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“[T]his colorful and conflicted history of the battle between the art of history and the science of history is a welcome addition to the growing literature on nineteenth-century science and culture. Hesketh’s contribution is of interest not only to Victorian scholars and intellectual historians, but to historians of all stripes in demonstrating the concerns of our predecessors in establishing the boundaries of our discipline, concerns that are still of relevance today.” –Alison Butler, Left History, 15:2 (2011), 124-6.

“Ian Hesketh’s artfully conceived and highly readable book…. Hesketh’s presentation of the professional [historians] … shows them performing their boundary work in reviews and personal correspondence which he quotes frequently and tellingly, allowing these believers in history ‘speaking for itself’ to speak for themselves. …[T]here’s considerable irony in Hesketh’s compact and elegant study….” –Christopher Kent, Canadian Journal of History 47:1 (2012), 144-6. Review is online here.

“…this book deserves much credit for making light of little-known and complex debates, and for demonstrating how great a variety of methodological standpoints is hidden behind the ‘Whig’ political label under which most of the historians it studies have usually been grouped.” –Nathalie Richard, The British Journal for the History of Science 45: 1 (March 2012), 138-9.

“The most compelling contribution Hesketh makes to our understanding of Victorian historians is to expose their empiricist posturing as a ‘central myth’: as he shows, personal relationships, religious disputes, racial theories, and gendered attitudes shaped the disciplinarians’ historical and rhetorical methods just as profoundly as did objective scientific standards. … Hesketh pays welcome attention to the intellectual and religious currents that shaped Victorian historians’ lives and, by extension, their methods.” –William Meier, Victorian Review 38:2 (2012), 134-5.

“[Hesketh's] story is one shaped by personalities as well as by intellectual debate on the nature of history. The Science of History does an excellent job of giving us both the petty feuds and the principles behind them.” –Jonathan Conlin, The Times Literary Supplement, 4 May 2012, p. 27.

“…well planned, well informed, and genuinely well written…”–Peter Mandler, Victorian Studies 55:2 (2013): 383-384.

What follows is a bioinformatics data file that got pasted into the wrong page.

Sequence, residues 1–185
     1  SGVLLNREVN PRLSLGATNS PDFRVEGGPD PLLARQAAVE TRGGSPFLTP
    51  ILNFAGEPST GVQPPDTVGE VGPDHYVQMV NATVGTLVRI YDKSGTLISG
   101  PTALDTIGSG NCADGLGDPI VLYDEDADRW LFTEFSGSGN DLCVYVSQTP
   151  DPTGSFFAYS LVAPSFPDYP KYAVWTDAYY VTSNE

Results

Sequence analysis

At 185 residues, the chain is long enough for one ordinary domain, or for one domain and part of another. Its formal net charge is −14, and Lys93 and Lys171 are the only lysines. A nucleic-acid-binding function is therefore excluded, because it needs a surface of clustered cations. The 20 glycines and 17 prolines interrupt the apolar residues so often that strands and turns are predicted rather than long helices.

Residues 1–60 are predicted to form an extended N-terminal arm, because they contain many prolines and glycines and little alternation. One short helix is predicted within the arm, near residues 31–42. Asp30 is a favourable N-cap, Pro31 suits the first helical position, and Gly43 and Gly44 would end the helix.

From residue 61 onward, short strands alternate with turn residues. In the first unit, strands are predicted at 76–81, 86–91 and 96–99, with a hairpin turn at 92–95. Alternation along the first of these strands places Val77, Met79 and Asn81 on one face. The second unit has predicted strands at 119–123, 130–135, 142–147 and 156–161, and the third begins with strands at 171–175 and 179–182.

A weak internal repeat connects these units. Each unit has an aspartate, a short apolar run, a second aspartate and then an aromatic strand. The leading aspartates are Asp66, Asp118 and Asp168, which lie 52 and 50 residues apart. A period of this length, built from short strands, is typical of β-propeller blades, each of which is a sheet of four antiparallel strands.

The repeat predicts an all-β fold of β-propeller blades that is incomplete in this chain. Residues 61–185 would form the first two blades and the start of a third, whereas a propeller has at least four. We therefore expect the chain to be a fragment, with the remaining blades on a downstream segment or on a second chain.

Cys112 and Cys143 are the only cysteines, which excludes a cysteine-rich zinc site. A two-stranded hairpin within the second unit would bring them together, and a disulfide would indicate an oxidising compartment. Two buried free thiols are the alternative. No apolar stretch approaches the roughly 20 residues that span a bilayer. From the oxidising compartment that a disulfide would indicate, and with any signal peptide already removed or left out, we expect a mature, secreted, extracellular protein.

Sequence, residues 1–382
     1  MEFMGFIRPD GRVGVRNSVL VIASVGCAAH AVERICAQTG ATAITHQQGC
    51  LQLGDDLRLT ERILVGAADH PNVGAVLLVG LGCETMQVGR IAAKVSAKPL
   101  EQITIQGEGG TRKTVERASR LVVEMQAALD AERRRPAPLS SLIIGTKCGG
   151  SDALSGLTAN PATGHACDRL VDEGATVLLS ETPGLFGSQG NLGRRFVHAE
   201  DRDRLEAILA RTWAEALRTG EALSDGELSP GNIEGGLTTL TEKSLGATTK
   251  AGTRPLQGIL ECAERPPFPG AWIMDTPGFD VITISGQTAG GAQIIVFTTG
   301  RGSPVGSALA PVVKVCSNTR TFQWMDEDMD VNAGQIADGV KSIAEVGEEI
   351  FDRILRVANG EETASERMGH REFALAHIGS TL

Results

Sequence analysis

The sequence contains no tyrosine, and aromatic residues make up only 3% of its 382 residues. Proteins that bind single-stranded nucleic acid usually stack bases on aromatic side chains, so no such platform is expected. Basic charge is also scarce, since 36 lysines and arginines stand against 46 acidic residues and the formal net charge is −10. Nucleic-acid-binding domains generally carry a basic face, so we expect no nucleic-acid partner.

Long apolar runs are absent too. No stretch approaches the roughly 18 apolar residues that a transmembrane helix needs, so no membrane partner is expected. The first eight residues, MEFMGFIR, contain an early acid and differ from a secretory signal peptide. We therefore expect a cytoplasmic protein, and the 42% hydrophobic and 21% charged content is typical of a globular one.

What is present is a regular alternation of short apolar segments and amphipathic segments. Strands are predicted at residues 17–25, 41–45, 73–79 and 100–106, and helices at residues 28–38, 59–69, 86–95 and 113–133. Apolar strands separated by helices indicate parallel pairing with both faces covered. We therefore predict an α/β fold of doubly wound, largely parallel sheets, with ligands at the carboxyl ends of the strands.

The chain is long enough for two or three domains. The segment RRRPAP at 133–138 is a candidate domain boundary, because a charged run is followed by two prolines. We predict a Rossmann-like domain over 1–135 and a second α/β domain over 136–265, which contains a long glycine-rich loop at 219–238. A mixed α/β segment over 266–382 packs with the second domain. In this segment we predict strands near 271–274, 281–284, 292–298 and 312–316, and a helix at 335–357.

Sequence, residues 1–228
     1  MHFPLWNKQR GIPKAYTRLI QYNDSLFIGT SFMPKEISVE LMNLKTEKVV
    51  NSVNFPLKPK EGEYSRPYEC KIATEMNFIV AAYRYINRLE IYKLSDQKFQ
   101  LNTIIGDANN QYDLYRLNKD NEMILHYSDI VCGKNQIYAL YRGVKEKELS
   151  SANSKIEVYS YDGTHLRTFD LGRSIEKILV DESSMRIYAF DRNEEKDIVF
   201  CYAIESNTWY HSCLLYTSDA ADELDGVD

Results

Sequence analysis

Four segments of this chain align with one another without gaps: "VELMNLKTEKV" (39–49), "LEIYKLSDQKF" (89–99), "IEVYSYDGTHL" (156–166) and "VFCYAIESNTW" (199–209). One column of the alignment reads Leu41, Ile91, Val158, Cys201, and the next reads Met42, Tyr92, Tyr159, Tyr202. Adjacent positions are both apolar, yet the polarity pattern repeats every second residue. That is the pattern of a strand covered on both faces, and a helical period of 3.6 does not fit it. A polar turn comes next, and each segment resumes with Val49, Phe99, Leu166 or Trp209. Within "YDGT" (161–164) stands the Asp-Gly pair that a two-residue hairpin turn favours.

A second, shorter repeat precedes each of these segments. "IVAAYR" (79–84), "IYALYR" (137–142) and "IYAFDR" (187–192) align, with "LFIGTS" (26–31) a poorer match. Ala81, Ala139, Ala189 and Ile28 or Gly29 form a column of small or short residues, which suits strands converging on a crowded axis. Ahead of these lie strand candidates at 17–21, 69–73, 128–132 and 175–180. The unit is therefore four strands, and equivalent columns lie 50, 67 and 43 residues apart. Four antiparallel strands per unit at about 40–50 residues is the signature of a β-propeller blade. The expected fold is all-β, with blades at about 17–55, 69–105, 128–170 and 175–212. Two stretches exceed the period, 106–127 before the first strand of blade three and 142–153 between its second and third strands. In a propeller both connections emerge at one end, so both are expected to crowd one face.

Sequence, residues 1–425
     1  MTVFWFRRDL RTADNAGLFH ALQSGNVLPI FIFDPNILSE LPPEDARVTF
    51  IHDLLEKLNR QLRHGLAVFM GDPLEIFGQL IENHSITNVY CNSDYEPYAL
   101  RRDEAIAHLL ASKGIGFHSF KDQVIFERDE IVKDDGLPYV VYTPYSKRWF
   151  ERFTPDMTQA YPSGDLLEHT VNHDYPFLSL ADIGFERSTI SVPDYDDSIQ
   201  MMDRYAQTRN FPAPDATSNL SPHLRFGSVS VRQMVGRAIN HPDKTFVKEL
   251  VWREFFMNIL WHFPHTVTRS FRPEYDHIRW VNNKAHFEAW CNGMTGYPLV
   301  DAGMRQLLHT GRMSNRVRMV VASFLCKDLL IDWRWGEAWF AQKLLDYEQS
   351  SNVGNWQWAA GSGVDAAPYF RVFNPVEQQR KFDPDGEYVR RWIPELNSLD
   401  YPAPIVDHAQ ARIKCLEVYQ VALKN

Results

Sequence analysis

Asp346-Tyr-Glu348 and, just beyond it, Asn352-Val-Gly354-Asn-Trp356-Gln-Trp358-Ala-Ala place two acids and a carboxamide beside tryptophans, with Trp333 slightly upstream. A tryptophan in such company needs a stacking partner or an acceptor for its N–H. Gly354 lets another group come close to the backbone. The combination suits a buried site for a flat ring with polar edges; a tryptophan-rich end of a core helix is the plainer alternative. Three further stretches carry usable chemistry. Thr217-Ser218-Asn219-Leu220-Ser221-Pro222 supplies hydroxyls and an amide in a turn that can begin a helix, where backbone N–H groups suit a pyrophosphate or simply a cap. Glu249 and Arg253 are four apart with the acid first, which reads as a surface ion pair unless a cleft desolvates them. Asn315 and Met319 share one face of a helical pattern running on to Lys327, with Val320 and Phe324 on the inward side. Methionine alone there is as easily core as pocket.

“Overall, the book deepens our understanding of a topic tangentially explored by Thomas Heyck, Reba Soffer, and Christopher Parker … [I]t is an excellent, careful account of the antiliterary, anti-Romantic perspectives of those well-known founders of academic history. Furthermore, the final chapter and epilogue together compellingly draw our attention to the fact that the long-term answer to the question, “Is history a science or an art?” is that the exponents of the extremes were all wrong because we have tacitly accepted within the profession that it is both.” –Michael Carignan, Journal of British Studies 51:1 (2012), 232-233.

“The writings and debates discussed in Hesketh’s book are fascinating ones, both for understanding the context in which some major histories of England were produced in the 19th century and in raising perennial questions about the nature of historical writing.” –Rebekah Higgitt, Teleskopos, 6 June 2012

“The book reveals that from the outset the science of history in the early Victorian period involved a fatal tension between science and art (literature). The author employs cutting-edge methods for analysing the history of historiography unavailable even a decade ago. As such, the book presents an excellent contribution to the history of British historiography after the ‘linguistic turn.’”–Kenji Muraoka (Professor Emeritus of the University of Wakayama, Japan), Studies in Victorian Culture 9 (2011), 78–82.

“…Hesketh’s treatment of the background of disciplinary construction provides all sorts of illuminating insights of a sort not available in more traditional ‘conceptual history’ analyses… It is certainly useful to have a study of an important conceptual debate that goes into the political wings so thoroughly …” –Richard Somerset, The British Society for Literature and Science

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